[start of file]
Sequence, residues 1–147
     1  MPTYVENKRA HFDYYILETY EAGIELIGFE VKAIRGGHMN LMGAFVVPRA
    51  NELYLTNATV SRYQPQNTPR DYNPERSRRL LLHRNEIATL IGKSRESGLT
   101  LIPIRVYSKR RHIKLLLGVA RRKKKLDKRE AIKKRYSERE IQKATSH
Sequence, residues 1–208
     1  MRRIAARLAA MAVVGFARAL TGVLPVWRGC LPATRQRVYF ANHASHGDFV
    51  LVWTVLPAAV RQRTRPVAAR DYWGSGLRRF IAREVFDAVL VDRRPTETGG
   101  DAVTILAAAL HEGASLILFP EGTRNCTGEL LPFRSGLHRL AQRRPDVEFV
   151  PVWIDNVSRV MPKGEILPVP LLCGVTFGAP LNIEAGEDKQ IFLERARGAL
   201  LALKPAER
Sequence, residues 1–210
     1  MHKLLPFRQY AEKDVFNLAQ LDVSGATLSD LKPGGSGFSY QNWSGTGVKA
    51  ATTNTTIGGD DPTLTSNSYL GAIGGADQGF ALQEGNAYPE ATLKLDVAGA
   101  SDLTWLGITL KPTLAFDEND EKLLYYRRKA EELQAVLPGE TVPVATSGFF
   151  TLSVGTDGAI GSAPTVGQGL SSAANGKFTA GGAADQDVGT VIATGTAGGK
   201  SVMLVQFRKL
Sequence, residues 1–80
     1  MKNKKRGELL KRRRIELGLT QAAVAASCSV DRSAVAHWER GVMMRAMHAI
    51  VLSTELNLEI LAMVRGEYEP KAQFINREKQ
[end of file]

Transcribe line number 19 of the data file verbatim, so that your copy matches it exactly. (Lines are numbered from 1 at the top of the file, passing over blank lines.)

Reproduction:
    51  VLSTELNLEI LAMVRGEYEP KAQFINREKQ